Back in high school I remember studying a concept about how it is the journey, not the destination that matters. This concept very much embodies Journey, a game originally released back in 2012 for PS3 that has now made its way over to PS4.
Journey doesn’t feature a story in the traditional sense. There is no spoken dialogue and nothing there to really explain to you what is going on. Instead you are left trying to piece together fragments of the story from the various things you encounter and events that happen. The ambiguity in the story as well as how it is told gives the game a unique and engaging tone.
After a short cutscene that gives away very little, you begin your journey as a mysterious robed creature in a very vast and sparse desert. With no understanding of what is going on, you soon discover a strange mystical mountain in the distance. Guided by curiosity of everything around you, you set out on what is to be a journey to remember.
The game evokes a sense of helplessness and struggle along your journey by placing you in large and somewhat hostile environments with no way to defend yourself. On the few occasions that you do encounter an enemy, all you can do is hide.
To get through Journey, you must get by with a combination of jumping, climbing and emitting a strange bubble by singing which interacts with the environments.
Trailing behind your character is a long scarf that grows as you collect mysterious collectables located throughout the world. Glyphs on the scarf acts as a bar that measures how much you can jump or fly, the longer the scarf, the more you can jump and the higher you can go.
Helping you along your journey is some strange cloth-like things. These creatures, for a lack of a better word, assist you by helping you reach new areas and restoring the glyphs on your scarf. Many of these creatures are required to be freed first by singing near them.
Along your quest, you will encounter other players randomly entering your world.
The names of those players don’t pop up above them making them feel like they are just a part of your world. While being able to play through the game with others may appeal to some, having someone moving through the game at a different pace then you, especially when they are not too far ahead, became irritating at times.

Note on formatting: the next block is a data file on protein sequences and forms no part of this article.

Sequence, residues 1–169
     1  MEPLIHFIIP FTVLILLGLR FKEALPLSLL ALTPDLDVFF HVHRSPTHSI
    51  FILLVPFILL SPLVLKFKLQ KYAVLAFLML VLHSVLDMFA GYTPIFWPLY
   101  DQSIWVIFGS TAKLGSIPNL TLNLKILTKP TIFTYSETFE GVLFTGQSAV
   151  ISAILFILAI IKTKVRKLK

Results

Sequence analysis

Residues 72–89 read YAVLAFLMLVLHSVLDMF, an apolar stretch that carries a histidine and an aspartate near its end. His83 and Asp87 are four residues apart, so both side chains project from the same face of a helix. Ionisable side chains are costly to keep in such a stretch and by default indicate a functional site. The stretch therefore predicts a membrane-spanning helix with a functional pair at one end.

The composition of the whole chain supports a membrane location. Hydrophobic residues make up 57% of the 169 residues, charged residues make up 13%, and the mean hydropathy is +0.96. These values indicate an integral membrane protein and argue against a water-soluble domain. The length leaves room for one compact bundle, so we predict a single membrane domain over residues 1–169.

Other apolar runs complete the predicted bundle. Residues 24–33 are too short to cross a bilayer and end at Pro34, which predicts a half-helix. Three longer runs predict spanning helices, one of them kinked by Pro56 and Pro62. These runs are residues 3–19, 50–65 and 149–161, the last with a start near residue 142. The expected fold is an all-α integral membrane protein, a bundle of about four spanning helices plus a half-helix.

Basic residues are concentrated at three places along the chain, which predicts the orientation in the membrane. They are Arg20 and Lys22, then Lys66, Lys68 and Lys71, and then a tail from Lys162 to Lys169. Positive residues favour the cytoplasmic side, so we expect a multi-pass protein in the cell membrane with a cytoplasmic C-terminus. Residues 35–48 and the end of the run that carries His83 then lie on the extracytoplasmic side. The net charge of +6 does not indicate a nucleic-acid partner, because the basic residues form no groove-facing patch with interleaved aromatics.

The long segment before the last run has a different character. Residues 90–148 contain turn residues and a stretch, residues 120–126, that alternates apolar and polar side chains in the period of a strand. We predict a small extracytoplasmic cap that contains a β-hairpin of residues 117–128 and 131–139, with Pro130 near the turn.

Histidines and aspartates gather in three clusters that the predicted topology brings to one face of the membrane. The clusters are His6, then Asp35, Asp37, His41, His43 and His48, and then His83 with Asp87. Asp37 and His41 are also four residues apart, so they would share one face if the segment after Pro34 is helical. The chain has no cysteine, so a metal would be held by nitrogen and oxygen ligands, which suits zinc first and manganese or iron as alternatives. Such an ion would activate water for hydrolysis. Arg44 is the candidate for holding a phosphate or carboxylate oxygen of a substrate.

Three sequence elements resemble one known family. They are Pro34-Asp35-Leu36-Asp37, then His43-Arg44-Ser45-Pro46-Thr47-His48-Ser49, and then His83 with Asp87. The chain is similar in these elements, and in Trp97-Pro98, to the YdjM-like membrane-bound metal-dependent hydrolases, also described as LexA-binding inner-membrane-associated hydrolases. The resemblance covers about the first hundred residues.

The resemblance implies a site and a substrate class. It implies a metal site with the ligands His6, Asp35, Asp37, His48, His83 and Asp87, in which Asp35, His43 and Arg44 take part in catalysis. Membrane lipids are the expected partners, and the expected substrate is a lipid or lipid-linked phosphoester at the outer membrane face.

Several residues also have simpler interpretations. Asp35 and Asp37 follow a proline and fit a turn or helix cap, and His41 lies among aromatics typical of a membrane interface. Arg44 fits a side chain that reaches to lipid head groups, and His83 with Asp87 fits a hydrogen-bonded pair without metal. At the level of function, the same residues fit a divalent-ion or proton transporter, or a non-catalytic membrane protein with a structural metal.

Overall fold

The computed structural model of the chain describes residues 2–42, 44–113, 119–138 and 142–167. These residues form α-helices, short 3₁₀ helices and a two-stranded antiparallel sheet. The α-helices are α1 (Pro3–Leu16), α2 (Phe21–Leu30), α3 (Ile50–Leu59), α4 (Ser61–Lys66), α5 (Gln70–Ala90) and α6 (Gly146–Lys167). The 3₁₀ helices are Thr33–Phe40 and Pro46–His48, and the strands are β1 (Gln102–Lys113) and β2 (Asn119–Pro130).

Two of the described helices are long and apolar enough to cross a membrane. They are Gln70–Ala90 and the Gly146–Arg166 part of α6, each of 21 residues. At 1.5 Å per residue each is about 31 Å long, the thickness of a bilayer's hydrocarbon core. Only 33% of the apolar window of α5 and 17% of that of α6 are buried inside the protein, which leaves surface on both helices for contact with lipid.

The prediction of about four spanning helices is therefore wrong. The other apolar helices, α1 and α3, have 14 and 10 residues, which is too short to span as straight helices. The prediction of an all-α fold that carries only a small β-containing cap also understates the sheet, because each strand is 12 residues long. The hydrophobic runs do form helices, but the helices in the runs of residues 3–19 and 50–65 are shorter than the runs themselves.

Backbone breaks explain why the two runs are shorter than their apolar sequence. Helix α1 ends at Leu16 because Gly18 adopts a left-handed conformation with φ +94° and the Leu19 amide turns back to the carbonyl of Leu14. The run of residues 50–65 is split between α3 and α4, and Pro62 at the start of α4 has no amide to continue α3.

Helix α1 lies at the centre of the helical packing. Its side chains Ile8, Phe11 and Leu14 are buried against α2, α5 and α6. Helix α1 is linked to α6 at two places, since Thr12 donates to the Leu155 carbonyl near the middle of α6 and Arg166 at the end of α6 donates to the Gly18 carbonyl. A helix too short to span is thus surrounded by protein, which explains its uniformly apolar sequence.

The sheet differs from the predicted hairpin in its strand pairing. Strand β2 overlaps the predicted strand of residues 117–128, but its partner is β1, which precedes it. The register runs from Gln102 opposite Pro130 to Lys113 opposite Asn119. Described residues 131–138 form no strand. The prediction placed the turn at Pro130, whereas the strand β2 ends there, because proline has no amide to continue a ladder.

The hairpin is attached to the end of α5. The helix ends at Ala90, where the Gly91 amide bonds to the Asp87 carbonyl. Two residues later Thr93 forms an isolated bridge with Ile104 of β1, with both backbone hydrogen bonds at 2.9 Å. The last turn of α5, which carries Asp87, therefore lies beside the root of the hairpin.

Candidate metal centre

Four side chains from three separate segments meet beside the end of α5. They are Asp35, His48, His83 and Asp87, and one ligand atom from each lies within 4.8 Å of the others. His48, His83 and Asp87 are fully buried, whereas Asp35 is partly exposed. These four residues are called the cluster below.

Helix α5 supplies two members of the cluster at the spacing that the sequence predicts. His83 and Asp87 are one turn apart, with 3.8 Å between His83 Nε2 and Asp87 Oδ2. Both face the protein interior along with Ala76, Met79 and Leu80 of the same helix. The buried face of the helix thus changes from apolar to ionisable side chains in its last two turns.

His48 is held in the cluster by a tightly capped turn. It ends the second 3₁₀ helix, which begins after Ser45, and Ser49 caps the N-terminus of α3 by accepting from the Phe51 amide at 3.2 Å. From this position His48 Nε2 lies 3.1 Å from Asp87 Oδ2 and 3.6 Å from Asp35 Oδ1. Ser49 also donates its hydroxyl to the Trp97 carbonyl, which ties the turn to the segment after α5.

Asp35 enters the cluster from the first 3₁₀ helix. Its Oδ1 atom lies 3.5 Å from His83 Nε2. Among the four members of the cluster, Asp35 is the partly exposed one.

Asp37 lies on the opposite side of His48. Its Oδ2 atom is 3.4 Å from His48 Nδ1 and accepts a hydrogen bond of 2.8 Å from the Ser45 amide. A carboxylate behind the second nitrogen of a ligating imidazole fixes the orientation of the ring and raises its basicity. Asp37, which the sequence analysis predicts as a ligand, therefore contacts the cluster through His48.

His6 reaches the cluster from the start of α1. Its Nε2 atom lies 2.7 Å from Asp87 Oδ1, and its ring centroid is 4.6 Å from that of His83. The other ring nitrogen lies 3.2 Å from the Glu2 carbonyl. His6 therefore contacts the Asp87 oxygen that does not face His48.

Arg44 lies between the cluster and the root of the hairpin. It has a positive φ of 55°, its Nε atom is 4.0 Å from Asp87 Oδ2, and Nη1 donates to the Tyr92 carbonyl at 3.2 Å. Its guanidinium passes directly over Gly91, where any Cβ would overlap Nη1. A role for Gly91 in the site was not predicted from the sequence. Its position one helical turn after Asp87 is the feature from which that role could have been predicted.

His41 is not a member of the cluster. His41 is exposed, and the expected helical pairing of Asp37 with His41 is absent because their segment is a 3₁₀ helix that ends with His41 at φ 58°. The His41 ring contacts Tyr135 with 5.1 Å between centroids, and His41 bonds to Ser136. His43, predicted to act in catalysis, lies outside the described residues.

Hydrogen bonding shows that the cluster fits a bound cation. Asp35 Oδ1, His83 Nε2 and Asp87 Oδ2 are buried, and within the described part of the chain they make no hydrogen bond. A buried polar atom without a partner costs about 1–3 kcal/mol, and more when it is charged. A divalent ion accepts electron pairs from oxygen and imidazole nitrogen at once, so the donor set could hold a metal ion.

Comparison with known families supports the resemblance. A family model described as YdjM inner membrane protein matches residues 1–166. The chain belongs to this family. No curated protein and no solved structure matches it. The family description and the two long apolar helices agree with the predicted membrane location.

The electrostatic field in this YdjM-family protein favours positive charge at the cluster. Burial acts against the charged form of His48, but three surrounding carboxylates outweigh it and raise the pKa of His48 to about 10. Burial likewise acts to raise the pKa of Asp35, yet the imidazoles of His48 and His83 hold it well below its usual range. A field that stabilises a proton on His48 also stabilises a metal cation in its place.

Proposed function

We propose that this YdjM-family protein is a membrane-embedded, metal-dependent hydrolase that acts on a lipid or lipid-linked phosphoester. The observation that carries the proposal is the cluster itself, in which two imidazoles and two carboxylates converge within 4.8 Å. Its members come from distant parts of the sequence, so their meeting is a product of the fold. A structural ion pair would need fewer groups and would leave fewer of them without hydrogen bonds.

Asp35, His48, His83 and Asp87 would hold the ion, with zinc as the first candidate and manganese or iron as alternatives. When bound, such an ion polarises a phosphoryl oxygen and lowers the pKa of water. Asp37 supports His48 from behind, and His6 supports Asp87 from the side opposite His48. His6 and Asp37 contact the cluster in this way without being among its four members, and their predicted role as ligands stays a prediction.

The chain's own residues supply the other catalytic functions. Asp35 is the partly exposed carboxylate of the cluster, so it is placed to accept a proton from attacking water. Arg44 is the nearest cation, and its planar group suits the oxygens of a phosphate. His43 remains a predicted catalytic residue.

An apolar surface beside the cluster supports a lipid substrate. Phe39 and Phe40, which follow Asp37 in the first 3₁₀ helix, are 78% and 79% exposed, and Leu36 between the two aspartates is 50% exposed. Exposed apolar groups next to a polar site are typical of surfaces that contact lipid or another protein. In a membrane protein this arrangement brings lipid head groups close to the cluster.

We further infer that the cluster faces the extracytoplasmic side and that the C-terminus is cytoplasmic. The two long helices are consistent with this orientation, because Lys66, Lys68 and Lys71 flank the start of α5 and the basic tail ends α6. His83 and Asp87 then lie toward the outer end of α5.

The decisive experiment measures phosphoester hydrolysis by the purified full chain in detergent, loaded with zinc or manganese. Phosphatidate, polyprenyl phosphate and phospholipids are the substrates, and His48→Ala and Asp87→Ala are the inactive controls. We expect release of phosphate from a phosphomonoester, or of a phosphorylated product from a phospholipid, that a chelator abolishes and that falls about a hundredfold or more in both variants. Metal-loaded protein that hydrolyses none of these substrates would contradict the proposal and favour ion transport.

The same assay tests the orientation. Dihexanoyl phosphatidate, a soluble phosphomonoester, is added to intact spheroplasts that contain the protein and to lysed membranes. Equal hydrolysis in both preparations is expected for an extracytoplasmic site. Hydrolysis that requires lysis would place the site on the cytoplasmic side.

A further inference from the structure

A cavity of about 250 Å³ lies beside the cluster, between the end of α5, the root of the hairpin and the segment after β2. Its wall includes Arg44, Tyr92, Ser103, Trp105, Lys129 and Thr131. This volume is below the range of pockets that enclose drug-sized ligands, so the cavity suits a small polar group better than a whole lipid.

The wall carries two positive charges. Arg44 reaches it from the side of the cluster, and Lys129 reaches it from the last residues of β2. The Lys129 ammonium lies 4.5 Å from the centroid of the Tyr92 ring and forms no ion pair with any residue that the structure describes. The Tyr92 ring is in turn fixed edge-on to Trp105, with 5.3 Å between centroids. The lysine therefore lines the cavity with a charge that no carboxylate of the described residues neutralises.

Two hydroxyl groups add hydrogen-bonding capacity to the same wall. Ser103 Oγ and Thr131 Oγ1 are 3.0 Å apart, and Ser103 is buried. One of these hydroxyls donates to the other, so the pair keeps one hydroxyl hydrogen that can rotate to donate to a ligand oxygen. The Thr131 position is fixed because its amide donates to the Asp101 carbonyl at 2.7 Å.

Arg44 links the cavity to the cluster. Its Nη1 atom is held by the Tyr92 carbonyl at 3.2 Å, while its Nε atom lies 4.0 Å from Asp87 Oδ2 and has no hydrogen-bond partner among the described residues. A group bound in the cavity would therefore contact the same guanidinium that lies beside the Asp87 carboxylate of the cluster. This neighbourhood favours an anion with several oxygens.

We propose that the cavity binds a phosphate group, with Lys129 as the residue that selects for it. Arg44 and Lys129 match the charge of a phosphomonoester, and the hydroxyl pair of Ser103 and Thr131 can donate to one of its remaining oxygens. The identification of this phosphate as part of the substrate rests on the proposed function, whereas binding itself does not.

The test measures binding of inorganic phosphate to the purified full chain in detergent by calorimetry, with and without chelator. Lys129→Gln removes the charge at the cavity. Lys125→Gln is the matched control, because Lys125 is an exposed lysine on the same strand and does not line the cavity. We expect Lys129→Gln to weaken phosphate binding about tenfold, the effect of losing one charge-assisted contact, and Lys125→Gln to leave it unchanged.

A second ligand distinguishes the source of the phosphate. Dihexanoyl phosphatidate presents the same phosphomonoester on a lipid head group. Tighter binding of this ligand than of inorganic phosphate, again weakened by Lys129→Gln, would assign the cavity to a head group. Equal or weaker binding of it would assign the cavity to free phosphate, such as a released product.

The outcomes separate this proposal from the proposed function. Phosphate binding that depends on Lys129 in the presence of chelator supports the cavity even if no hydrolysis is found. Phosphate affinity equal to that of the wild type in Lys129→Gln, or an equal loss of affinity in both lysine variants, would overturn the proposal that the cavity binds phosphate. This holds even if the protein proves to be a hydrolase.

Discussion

Progressing through the game revolves more around exploring and doing rather than thinking. Getting to the next area was generally a matter of finding and interacting with certain objects or just generally following the path.
A small issue I had with the game was that it was short.
Doing a medium amount of exploring, I was able to push through the game in 2 hours. While being able to play through the game in one sitting actually makes the game more engaging, I feel that adding another hour onto it would have only added to the experience by making the journey feel more epic.
Once finishing the game, you are able to jump straight back in and play again.
While I am certain that many people would want to do so, I personally felt no urge to jump back in. While I began a second game, I found the sense of mystery that was with me throughout my first playthrough was gone. Feeling as though playing through again would taint my overall experience with the game, I opted to not finish it a second time.
The game looks gorgeous due to the cartoony art direction that it superbly executes. The music in Journey is also done excellently, helping to build the atmosphere and provoke emotion.
Though only brief, Journey is truly a memorable game that feels as much like art as entertainment. It focuses on providing an engaging experience that will keep you hooked throughout its short 2 hour duration.